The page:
Dushanbe: Tajikistan’s top-flight league will not return this weekend, as had been planned, after football in the country was suspended indefinitely on Wednesday.
The country’s top division, which includes AFC Cup participants FC Istiklol and FC Khujand, had been scheduled to resume on May 10, but new coronavirus cases have led to an open-ended extension to the pause on football activities announced on April 25.
AFC and Asian stars inspire fans to maintain fitness with new #StayActive campaign
Kuala Lumpur: With millions staying at home due to the COVID-19 pandemic, the Asian Football Confederation (AFC) along with some of Asia’s biggest stars have today launched a new campaign – #StayActive – to inspire fans to maintain their fitness while emphasising the importance of their physical and mental wellbeing.
Kicking-off the series are three familiar faces who also featured in the AFC’s highly-acclaimed #BreakTheChain campaign – Islamic Republic of Iran and Persepolis FC’s Alireza Beiranvand, India and JSW Bengaluru’s Gurpreet Singh and 2018 AFC Women’s Player of the Year Wang Shuang from China PR, who are now providing fans with unique insights to their fitness regimes.
Teams, star players, coaches: All you need to know about K League 2020
Kuala Lumpur: On Friday, Korea Republic will join Chinese Taipei and Turkmenistan among the few active domestic football leagues as the game on the Continent slowly begins to recover from the COVID-19 pandemic.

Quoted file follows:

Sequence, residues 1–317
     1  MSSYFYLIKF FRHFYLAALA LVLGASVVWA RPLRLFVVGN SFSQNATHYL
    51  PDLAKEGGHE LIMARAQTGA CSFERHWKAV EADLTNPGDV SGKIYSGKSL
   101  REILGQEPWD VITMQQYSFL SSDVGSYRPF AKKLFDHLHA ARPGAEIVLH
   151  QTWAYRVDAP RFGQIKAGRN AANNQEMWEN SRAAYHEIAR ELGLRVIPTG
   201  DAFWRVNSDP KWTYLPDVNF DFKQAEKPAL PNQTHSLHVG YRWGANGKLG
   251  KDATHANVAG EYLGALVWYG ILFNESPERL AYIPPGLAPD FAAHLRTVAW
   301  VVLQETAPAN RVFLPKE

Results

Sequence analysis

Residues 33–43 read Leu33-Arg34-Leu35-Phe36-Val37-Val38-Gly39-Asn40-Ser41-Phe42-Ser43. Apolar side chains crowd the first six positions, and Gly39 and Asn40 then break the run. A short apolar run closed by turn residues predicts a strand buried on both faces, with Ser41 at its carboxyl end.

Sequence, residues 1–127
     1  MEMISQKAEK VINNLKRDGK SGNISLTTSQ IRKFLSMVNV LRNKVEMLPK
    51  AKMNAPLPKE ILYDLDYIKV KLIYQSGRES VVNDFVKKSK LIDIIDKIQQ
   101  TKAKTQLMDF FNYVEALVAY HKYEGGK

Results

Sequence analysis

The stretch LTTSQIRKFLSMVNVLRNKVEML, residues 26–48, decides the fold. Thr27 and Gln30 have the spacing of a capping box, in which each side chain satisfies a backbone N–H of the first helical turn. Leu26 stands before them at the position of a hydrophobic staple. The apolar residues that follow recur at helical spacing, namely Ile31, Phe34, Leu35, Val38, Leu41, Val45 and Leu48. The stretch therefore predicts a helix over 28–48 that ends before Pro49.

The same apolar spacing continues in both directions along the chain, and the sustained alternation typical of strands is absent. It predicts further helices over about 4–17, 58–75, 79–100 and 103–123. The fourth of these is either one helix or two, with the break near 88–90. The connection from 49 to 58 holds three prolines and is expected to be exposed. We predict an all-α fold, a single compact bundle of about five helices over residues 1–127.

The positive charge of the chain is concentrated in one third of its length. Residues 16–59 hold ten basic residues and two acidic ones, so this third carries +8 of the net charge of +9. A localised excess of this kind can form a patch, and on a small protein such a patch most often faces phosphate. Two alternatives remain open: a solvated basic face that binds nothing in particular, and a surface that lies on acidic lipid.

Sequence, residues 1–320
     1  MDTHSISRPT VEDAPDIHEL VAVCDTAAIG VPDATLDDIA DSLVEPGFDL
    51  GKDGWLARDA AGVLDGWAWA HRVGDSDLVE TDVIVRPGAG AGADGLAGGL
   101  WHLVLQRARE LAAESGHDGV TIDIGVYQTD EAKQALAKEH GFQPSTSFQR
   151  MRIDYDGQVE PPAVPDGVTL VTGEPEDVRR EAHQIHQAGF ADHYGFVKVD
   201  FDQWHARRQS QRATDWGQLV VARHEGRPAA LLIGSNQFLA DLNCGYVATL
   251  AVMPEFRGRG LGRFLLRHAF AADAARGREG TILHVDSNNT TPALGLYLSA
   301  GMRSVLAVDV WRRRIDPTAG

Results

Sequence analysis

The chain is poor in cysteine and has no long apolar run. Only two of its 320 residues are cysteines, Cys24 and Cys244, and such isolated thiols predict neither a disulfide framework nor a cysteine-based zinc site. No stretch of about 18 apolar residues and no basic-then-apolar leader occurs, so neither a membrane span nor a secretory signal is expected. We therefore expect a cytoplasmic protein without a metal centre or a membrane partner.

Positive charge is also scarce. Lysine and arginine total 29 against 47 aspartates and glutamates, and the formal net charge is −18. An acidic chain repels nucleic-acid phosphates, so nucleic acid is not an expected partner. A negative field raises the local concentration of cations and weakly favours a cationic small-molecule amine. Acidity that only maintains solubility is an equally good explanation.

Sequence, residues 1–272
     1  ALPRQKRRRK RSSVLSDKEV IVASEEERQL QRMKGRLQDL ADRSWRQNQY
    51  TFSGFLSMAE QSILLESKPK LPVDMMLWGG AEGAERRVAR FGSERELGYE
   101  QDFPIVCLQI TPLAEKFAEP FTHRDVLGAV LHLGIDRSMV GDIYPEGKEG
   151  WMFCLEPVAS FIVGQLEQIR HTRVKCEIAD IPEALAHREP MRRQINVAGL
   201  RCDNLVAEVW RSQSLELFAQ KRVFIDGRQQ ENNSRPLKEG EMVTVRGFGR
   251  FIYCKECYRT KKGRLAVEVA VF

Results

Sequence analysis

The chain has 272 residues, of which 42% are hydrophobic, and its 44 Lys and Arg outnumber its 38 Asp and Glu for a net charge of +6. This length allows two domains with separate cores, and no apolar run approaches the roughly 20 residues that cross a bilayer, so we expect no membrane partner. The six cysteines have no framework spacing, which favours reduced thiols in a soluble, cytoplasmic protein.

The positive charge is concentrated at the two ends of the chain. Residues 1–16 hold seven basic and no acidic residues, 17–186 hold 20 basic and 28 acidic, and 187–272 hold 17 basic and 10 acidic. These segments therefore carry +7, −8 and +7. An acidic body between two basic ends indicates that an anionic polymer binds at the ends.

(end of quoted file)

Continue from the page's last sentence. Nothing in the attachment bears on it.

Founded in 1983 as the Korean Super League before being revamped and renamed as the K League in 1998, Korea's top flight boasts a number of powerhouses on the Continental stage, with no fewer than four sides having won the AFC Champions League and a further two having lifted its predecessor, the now defunct Asian Club Championship trophy.
Asia’s greatest national teams: DPR Korea Women’s Youth (2015-17)
Kuala Lumpur: DPR Korea was the first Asian men’s side to make a significant impact at the FIFA World Cup level, but it is the women’s game which has led the country to its greatest footballing highs.
While the 1966 heroics of Pak Do-ik and company awakened the world, it was the women’s youth teams of the 2000s and 2010s that conquered it.
Over a period spanning 12 years, DPR Korea emerged as a nightmare opponent for nearly any team in any women’s youth tournament on the globe, ultimately winning a total of four world titles and four Asian crowns in two age groups.
While their 5-0 victory over China PR in the 2006 FIFA U-20 Women’s World Cup Final was a stunning result, and their 2008 U-17 crown won against the United States a momentous achievement, no period summed up DPR Korea’s dominance like 2015 to 2017, with the nation producing simultaneous world champion sides at U-17 and U-20 levels.